Ex­change of the week Scot­land’s love of Brus­sels

The Week - - Letters -

To The Times

Alex Massie says that the in­tel­lec­tual case for Scot­tish in­de­pen­dence is “co­her­ent” and “ro­bust” (“Brexit hasn’t put Scots in­de­pen­dence to bed”), and can be summed up in the phrase “con­trol must be taken back”. One won­ders, then, what the English are sup­posed to make of the fact that, in the view of the SNP, tak­ing back con­trol in­volves leav­ing one union (the UK), but re­main­ing part of an­other union (the EU)? This is es­pe­cially puz­zling be­cause the union they want to leave is one forged of fam­ily ties, a com­mon lan­guage and shared his­tory, whereas the one they want to be part of is none of these.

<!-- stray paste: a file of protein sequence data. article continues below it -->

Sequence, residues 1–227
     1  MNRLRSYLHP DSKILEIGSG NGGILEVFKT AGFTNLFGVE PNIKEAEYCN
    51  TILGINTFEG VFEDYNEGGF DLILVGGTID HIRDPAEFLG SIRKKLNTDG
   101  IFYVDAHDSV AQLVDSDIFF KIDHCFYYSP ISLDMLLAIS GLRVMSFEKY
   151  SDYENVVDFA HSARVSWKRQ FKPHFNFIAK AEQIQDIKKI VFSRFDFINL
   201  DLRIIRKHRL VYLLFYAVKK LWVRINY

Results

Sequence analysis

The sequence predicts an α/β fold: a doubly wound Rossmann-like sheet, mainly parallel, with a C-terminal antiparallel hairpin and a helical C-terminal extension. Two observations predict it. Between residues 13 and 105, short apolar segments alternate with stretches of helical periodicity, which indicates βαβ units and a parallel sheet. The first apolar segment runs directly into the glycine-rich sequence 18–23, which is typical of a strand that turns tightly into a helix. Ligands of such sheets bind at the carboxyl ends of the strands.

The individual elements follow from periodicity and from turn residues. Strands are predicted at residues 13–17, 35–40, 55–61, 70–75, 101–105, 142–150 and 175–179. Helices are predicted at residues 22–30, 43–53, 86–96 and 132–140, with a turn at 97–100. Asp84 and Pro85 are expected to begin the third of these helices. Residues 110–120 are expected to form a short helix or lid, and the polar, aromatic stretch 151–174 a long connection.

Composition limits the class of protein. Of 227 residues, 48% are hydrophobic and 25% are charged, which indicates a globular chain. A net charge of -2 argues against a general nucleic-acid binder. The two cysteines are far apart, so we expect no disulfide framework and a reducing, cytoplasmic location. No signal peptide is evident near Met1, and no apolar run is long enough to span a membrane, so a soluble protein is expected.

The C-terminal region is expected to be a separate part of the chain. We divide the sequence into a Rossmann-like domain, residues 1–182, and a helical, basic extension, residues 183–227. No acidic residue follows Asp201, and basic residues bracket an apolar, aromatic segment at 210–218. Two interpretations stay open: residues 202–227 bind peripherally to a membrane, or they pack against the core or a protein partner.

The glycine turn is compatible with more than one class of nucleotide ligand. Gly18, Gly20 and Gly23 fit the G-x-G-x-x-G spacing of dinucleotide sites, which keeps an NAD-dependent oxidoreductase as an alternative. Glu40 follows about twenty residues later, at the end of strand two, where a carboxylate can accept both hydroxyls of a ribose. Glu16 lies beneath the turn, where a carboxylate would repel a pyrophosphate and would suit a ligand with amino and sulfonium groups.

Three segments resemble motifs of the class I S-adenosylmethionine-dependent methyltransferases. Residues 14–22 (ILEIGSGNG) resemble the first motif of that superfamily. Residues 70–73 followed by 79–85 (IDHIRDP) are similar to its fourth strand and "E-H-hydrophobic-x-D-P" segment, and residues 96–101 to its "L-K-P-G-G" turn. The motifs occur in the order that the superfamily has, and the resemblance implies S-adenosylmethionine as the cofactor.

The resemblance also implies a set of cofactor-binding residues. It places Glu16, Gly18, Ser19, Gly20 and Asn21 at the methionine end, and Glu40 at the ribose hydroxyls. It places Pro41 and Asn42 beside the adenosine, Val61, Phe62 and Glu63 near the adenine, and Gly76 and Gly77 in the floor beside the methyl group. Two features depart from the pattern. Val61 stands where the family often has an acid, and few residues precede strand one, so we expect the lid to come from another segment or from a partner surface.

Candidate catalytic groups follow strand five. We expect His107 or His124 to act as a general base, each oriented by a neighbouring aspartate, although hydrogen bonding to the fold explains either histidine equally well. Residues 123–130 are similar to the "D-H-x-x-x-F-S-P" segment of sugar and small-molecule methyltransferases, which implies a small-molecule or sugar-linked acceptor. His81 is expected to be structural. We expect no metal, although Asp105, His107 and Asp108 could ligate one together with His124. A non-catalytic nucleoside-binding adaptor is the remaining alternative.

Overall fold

One doesn’t nec­es­sar­ily ex­pect na­tion­al­ism of what­ever stripe to be log­i­cally con­sis­tent, and maybe that isn’t nec­es­sary for it to qual­ify as “ro­bust”. But “co­her­ent”? Not by any nor­mal def­i­ni­tion of the word. Robin Aitken, Ox­ford

To The Spec­ta­tor

A neat but delu­sional mythol­ogy ap­pears to be gain­ing cur­rency that the Brexit ref­er­en­dum can be un­der­stood as a con­flict be­tween met­ro­pol­i­tan elit­ists vot­ing Re­main and the frus­trated masses be­yond the M25 long­ing to Leave. This anal­y­sis may chime sat­is­fy­ingly with re­cent trends in some other democ­ra­cies, but it dis­torts what hap­pened in this one. In the two UK coun­tries fur­thest from Lon­don, the votes went against Brex­it­ing by big­ger mar­gins than the Uk-wide Leave ma­jor­ity: 56-44 in North­ern Ire­land and 62-38 in Scot­land. Lon­don vs The Rest only works if The Rest ends at Carlisle.

In­ci­den­tally, both these mar­gins were clearer than the sup­pos­edly de­fin­i­tive out­come of Scot­land’s 2014 in­de­pen­dence ref­er­en­dum. Keith Aitken, Mont­pel­lier, France

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